Is the sun rising again on the Middle East?

This is a republication of an original article written by David Manchester in the Eagle on Wednesday, September 21, 2005.


The stagnant political situation in the Middle East was given new life September 12th when Israel completed Prime Minister Ariel Sharon’s disengagement plan. On that day, all Israeli security personnel completed the removal all the Israeli settlers living in the Gaza Strip, some of whom had been there for over 30 years. Now, Gaza is entirely absent of Israeli police and soldiers. Along with the withdrawal from all 21 settlements in Gaza, the disengagement included four small West Bank settlements. Because of this, the Disengagement sets a historic precedent for the withdrawal of settlements which foreshadow future West Bank withdraws during final status negotiations. As leaders around the world have recognized, the disengagement represents a dramatic step to create new hope for peace between Israelis and Palestinians.

Disengagement has not been easy on Israelis. Though polls have consistently shown that the majority of Israelis support the plan, there is a sizeable segment of the population that has vehemently opposed it. These groups and individuals argue that the disengagement will be seen as a victory for terrorist groups like Hamas and Islamic Jihad, and they worry that Gaza will become a haven for terrorists committed to Israel’s destruction. They have made their views heard during regular rallies and protests – themselves a testament to the strength of Israel’s democracy.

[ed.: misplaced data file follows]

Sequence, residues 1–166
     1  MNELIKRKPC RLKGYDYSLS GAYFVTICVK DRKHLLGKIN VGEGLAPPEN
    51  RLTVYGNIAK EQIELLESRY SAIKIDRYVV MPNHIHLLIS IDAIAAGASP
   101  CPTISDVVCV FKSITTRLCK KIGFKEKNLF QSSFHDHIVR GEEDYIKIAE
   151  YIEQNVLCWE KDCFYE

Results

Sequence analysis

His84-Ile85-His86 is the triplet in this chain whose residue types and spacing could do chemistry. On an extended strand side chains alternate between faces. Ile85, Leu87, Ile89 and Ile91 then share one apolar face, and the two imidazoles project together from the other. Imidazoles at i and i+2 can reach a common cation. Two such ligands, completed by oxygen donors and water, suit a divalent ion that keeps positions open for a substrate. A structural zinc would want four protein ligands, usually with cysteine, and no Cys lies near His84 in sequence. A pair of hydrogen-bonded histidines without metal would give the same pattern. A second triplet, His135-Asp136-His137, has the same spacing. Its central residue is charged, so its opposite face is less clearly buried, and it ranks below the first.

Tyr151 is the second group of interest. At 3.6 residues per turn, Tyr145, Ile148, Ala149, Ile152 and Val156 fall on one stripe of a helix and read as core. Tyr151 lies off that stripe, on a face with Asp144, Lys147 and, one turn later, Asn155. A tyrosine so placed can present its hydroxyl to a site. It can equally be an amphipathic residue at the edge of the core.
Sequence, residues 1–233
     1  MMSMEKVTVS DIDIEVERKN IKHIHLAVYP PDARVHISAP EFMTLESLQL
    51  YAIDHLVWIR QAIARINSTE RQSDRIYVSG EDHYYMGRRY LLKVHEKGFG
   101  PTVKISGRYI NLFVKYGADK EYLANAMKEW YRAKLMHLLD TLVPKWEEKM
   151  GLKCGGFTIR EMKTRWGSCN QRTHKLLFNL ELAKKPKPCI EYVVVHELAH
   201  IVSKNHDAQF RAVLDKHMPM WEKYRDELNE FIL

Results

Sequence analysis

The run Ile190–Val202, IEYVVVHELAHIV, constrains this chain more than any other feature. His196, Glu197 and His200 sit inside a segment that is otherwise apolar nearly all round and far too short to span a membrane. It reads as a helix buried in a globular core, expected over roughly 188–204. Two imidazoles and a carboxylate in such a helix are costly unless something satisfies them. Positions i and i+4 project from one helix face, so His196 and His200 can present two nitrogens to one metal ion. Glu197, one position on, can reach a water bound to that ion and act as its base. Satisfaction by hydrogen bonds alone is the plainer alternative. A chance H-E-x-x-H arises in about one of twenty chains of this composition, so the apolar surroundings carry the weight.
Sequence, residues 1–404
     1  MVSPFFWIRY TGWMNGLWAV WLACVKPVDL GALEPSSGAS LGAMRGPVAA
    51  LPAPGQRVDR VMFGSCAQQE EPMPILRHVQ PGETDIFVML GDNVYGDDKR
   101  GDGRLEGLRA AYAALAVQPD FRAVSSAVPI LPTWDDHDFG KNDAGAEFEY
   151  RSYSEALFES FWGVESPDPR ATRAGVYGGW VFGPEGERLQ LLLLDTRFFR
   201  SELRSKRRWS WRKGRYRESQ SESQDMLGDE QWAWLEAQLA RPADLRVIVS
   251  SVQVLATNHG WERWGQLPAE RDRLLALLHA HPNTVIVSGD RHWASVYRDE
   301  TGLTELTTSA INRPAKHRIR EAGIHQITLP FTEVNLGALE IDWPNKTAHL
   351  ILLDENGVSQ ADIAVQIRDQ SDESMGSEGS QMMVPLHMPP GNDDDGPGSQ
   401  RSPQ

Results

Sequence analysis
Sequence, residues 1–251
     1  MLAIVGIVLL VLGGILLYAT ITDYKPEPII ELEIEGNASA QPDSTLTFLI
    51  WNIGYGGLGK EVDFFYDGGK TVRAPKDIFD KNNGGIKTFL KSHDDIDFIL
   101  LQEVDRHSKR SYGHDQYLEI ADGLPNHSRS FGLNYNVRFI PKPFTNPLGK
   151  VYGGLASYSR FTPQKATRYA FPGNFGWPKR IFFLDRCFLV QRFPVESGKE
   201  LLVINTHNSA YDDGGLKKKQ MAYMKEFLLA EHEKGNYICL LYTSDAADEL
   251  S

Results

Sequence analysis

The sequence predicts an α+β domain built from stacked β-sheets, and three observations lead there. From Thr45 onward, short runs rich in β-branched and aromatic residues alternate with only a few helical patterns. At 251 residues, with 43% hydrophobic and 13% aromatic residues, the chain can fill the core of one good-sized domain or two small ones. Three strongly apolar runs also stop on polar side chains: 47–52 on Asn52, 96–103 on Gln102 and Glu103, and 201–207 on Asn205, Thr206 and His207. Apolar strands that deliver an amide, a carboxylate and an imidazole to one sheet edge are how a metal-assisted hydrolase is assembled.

While tensions were high, with emotions unchecked at times, not a single shot was fired by police enforcing eviction notices or by settlers toward the police removing them from their houses. The dynamic polarization of the country because of disengagement has made it difficult for Sharon to win approval for his plan over the past two years, particularly as he has faced strenuous resistance from within his own Likud party. The Prime Minister nonetheless succeeded in shepherding the disengagement plan through Israel’s parliament, and its implementation is now nearly complete.

What does Israel hope to achieve in disengaging from the Gaza Strip, as well as a large section of the West Bank? —- secure boundary and opportunity for Palestinians to show commitment to building peaceful society

Ariel Sharon first introduced his unilateral disengagement plan on December 18, 2003, one year before the death of Palestinian leader Yassir Arafat and amidst countless suicide bombings in the heart of Israel. Since the emergence of a new Palestinian leadership, however, there has been considerable coordination between Israel and the Palestinian Authority (PA). These discussions have culminated in many decisions about the implementation of the disengagement, including the future of settler homes and the monitoring of the Egypt-Gaza border. It is already clear that disengagement has increased constructive contact between Israeli and Palestinian leaders.